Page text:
This has been a rough day. Aaron has been very unstable. His vitals are all over the map.
He’s got a high fever, every indication of a systemic infection. Moving him just a slight amount to perform a procedure causes his blood oxygen to plummet. There’s no place to go up, as supply oxygen concentration is 100%. All symptoms point to a systemic infection, but culture after culture reveal nothing. Every point of entry (probes, catheters, IV’s) is cultured for local infection; all are all negative.
The cold blanket brought in to help control the fever can’t be put under him, as he is too unstable. The blanket is spread over him, but it doesn’t work well. The refrigerator machine that pumps coolant through the blanket sits in the room. The room air conditioning can’t keep pace with the additional kilowatt being dissipated by the refrigerator. The machine is stopped; Natalie and Anne take turns using low-tech, time-honored wet towels; this works. The fever comes down.
Camela (his CCU day nurse today) works non-stop, never quite getting ahead of the demands. It took two hours early this morning to regain stability. Stability is finally achieved, but comes at an unsustainable price: 100% oxygen, and 22 cm PEEP. (Positive End of Expiration Pressure). This means that all the tiny air sacs (alveoli) in Aaron’s lungs are being constantly inflated like millions of tiny leaking balloons filled with pure oxygen. The breathing machine must keep the balloons puffed up to prevent collapse. Several quarts of extra fluid have accumulated in Aaron’s body due to the intense hydration required for successful induction of the poisons, and the inability of Aaron’s kidneys to eliminate the excess. The lung damage inflicted by the mutants (and possibly the poisons that killed them…there is some evidence that the mutants initially responded to the poison by further mutating, becoming more mature and more destructive.) is allowing these accumulated fluids to leak into the airways, so the leaky balloons have to be constantly inflated. The constant pressure and the pure oxygen, will soon destroy the lungs they are heroically working to save.
In spite of being heavily sedated, Aaron continues to initiate breathing on his own. This is of course a marvelous thing that living bodies are programmed to do without conscious effort: breathe. But the beat of the drum to which Aaron’s lungs are heaving is too slow. He needs to be breathing like he’s running a ¼ mile, not lounging on an air mattress (He actually is on an air mattress, which slowly inflates and deflates to provide a small amount of very slow movement to Aaron. Other than the machine-induced heaving of his chest and the slow, barely discernable movements of the air mattress, Aaron is completely still. The evidence that Aaron is alive are the numbers—numbers flashing on monitors, numbers of measurements from instrument probes outside and deep inside his body, numbers from computers calculating values from the measured numbers, numbers printed on test reports, numbers scribbled on paper, numbers that can lie to the ignorant, but render their arcane secrets those who, like Dr. Bajaj and Dr. Lee, seek the truth that lies beneath the numbers. This is medicine by the numbers: the numbers of life.)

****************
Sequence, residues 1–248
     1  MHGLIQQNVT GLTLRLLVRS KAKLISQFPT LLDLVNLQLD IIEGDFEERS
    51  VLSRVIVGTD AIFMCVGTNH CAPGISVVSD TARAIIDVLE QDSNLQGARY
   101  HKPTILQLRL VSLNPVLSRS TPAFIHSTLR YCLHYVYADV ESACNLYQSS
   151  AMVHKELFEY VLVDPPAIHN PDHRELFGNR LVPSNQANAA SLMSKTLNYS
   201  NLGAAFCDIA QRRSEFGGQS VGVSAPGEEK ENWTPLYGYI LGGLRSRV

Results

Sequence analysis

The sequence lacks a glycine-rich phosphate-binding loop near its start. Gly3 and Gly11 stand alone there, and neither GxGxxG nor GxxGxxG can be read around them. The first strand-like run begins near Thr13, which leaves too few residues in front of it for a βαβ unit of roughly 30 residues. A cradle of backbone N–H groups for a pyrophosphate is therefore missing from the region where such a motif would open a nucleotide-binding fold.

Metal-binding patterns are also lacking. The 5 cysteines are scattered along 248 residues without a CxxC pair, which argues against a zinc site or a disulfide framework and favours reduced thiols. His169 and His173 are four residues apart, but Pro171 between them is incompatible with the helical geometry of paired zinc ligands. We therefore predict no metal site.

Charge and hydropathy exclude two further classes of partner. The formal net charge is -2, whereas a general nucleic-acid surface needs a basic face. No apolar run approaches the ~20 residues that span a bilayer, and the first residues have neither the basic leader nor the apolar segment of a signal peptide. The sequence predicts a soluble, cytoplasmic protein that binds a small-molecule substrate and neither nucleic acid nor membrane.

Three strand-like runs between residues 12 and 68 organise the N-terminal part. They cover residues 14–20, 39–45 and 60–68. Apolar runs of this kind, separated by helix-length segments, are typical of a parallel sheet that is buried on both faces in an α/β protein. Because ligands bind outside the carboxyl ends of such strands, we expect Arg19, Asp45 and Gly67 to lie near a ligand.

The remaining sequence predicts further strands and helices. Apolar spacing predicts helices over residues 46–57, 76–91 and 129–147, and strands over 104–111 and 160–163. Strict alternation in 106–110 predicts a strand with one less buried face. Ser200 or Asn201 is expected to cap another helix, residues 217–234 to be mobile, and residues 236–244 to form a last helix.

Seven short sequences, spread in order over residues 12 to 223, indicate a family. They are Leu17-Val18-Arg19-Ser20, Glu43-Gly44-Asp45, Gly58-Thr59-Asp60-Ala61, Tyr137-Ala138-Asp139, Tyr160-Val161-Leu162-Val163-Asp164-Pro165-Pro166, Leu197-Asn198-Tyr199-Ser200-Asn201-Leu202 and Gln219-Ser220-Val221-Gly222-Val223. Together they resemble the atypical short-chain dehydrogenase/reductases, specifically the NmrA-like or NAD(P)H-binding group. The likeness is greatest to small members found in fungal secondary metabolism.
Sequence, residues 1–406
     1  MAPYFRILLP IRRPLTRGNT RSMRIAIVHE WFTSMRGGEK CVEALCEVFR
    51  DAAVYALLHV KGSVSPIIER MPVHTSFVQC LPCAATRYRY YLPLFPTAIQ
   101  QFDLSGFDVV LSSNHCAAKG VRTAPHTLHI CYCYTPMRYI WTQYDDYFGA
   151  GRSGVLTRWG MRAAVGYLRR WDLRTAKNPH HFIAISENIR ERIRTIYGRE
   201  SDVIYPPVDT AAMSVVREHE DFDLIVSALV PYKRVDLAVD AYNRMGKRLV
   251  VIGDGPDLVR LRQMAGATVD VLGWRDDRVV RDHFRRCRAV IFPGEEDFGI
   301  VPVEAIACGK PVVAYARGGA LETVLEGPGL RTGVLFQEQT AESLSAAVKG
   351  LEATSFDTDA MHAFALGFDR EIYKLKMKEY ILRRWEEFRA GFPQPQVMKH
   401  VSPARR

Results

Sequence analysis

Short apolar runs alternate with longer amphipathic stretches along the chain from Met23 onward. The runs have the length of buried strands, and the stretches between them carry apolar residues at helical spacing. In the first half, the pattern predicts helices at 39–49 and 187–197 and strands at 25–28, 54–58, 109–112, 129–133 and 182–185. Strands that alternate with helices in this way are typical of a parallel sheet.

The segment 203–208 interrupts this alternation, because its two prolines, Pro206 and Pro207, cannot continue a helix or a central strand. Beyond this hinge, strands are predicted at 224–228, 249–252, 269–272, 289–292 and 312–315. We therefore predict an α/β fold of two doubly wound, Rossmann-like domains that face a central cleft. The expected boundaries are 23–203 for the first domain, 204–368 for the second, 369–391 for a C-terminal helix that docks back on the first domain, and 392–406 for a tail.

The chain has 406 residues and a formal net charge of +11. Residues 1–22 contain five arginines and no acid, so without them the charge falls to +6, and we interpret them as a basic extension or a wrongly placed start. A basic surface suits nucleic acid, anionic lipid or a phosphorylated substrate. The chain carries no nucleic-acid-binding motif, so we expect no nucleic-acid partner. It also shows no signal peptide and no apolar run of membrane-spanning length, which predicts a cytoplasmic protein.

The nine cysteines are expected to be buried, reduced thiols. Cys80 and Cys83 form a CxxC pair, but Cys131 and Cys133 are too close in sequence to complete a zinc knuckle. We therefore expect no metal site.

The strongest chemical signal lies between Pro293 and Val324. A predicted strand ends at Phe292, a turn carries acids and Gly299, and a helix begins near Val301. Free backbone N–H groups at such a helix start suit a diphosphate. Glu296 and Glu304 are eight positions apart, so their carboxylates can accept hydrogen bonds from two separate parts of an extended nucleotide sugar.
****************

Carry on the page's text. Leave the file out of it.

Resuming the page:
The ventilator synchronizes its efforts with Aaron’s lounging pace, but it’s clear that at this point, the machine can do better if it could take over; Aaron’s efforts have become interference. The decision is made, and in late afternoon yet another IV bag is hung along with the14-or-so others that have been accumulating over the last week. Vecuronium Bromide begins to drip, totally paralyzing Aaron so he is unable to even attempt breathing. The machine is now in complete control. No part of the precious oxygen budget needs to power the lungs, and the machine’s drummer sets the pace.
The improvement is immediate; a small window of margin opens. The moment-by-moment struggle for stability a little less intense.
Aaron’s kidney’s are doing a yeoman’s job, but their efforts are not enough. Between the induced chemotherapy poison, the poisons created by dead mutants, and the great deal of other chemicals and fluid going in through the various intravenous tubes, his kidneys can’t keep up.
So yet another machine is wheeled into the room, yet another couple needles are inserted, yet another couple tubes are connected.
Blood begins to flow though the Mechanical Urinator.
Aaron is on dialysis.
The Urinator works just a little faster than Aaron’s own Lasix stimulated kidneys…with Aaron and the Urinator working together, he gets some breathing room.
A little after midnight, the Cytarabine bag is empty. The poison is finished.